Osborne Restoration part 4: floppy emulator first tests

I have no boot disks for this Osborne 1. The plan was to connect my USB floppy drive emulator to the motherboard, and boot from that.

My floppy emulator uses the HxC firmware on Gotek hardware.

The author of the HxC firmware managed to get dedicated HxC hardware to work with an Osborne 1.

As a follow-up to that thread, another user got the HxC/Gotek combination to work with his Osborne 1 (with additional pictures here).

So I looked to be on to a winner!

If only things were that easy…

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Osborne Restoration part 2: a bit of investigative surgery

First off, I decided to have a look inside my newly acquired Osborne to see what I had in store.

The front cover comes off easily after removing the monitor brightness/contrast knobs and a few screws.

Good news: that daughter board at the back (with the grey floppy cable coming out of it) means it’s had the Double Density controller fitted:

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Osborne Restoration part 1: acquiring my first Osborne

Back in February 2018, I finally had a chance to buy an Osborne 1, the world’s first portable computer, from 1983.

I’d been after one for years, but they are quite rare in the UK, and most eBay sellers are unwilling to ship such a heavy and delicate computer.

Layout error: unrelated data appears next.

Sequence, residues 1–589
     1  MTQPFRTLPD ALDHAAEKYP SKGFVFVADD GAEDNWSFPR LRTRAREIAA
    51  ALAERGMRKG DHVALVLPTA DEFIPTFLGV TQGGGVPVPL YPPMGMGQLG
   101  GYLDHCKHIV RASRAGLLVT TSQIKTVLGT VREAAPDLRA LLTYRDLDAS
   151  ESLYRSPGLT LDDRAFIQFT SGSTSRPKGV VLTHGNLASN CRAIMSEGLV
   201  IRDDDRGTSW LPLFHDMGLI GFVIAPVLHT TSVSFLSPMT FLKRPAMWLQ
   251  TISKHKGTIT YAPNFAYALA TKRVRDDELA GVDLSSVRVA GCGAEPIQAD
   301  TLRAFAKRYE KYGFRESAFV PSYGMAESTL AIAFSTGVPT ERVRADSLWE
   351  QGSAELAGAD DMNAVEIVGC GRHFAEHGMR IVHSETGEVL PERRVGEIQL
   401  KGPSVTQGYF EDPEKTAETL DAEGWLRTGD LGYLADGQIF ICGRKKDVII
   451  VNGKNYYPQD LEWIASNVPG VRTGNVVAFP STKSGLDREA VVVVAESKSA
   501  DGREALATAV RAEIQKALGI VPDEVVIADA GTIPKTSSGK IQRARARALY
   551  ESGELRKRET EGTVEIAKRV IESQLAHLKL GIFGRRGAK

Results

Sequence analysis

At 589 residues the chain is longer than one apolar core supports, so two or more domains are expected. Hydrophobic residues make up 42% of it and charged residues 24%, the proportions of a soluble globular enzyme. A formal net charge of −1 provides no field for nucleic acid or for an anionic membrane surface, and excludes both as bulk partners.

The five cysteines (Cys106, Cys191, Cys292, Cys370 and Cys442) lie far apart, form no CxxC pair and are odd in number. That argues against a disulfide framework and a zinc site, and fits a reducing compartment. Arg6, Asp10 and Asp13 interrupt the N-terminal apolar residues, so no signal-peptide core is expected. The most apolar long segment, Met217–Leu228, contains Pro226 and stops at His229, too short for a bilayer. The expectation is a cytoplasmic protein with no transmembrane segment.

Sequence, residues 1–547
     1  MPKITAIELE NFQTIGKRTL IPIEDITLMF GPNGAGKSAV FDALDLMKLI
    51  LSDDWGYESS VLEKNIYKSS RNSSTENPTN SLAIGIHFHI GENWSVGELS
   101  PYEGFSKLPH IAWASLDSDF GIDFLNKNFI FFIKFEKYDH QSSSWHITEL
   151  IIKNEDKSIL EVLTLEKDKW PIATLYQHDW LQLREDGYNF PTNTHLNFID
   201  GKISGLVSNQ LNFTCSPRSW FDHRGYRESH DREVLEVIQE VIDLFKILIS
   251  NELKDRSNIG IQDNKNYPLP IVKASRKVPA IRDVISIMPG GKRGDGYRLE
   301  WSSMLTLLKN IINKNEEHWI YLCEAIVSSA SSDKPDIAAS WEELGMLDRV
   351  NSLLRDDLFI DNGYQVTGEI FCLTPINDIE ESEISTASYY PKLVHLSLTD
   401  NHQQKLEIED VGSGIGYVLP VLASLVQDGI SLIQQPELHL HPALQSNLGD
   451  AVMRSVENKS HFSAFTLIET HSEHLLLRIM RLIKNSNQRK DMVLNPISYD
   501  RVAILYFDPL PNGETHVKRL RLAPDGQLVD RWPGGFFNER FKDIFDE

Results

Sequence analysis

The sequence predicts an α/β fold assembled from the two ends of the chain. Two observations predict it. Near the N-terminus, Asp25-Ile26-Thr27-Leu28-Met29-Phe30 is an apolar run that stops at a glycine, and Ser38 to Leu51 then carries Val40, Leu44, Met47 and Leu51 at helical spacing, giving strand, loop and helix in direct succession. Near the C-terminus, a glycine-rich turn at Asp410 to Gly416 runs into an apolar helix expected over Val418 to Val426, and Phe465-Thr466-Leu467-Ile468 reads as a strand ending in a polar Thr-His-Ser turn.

This one was somewhere that I could pick it up while visiting relatives, and just within my budget.

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Retro Challenge 2018/04

The Retro Challenge is a one-month long excuse to do cool stuff with old computers and blog about it (vaguely wrapped up as a competition).

Last year I created the RetroMatic 2000 as my entry.

This year I have more modest aims. I have acquired a number of additional vintage computers over the last year, and have been nursing them back into life. The one that has eluded me so far though, is the Osborne 1.

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TRS-80 Model 3 / Model 4 repairs

Back in March 2017, I bought a TRS-80 Model 3 on eBay.

When I received it, I did some cursory testing. It would boot to the BASIC ROM (by holding down the Break key as you reset it).

But it wouldn’t boot from disk, either from the supplied TRS-80 boot disks, nor my Video Genie boot disks. It wasn’t immediately clear whether the fault was in the disks or the drive.

There was also some curious information about its identity.

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